Gordon Brown, Minister of Finance, was addressed to ministers of twenty countries, including representatives of G8 and those of emerging countries such as China, India and Brazil, at a meeting on climate change and willingness to reduction of fossil energies. He declared the meeting that the UK had managed to reduce its carbon emissions without jeopardizing the country's economy. He even added that economic indicators of a country could only flourish if we take
guard the environment and natural resources on which the economic activity is based. According to him, the problematic
environmental traditionally treated in independent way, must now be attached to the economic sector within any government. These statements come challenge the US position, which, remember, have not ratified the Kyoto Protocol, which aims to reguler the gas emissions greenhouse effect. Indeed, the US administration replied that comply with the Kyoto agreements would have adverse effects on jobs because they believe many would be exported to the developing countries where there is no ecological policy. James Connaughton, department director, Environment and Quality at the White House stated that the answer to the problem resided only in the emergence of new technologies. Prime Minister Tony Blair encourages investment in new "green" technologies but also prone occurrence of international consensus. Gordon Brown on his side expresses no doubt as to the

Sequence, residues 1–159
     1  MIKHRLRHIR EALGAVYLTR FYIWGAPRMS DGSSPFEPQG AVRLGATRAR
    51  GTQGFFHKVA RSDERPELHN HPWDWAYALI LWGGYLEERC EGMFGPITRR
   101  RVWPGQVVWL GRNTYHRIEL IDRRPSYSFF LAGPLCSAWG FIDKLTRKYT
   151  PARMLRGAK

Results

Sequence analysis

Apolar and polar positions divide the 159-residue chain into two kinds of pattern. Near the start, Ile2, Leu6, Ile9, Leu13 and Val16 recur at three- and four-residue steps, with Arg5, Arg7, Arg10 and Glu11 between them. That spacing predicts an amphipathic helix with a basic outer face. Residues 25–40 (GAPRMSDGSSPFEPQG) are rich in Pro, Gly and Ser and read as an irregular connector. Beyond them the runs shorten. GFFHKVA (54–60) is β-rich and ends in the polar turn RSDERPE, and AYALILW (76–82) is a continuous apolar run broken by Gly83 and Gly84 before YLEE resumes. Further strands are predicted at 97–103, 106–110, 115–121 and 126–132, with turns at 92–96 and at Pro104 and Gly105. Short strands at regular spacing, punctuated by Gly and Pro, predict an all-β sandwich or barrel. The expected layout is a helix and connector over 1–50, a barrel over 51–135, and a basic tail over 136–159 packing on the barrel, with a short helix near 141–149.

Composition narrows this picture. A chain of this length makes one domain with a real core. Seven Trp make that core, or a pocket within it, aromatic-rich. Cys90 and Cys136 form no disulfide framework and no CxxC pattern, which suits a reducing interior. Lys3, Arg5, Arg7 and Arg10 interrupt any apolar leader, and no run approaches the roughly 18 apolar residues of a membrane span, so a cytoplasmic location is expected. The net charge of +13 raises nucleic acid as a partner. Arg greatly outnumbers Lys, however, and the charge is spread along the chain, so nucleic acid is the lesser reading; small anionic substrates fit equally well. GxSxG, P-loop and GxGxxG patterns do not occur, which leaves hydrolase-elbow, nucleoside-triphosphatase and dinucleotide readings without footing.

validity on climate change. However the "New Economics Foundation" (NEF) wants critical of the British government positions, for example, calls for the development of renewable energies in emerging countries but does not put pressure on the World Bank to limit credits to energies fossil or transfer them towards deployment projects generating sustainable energies.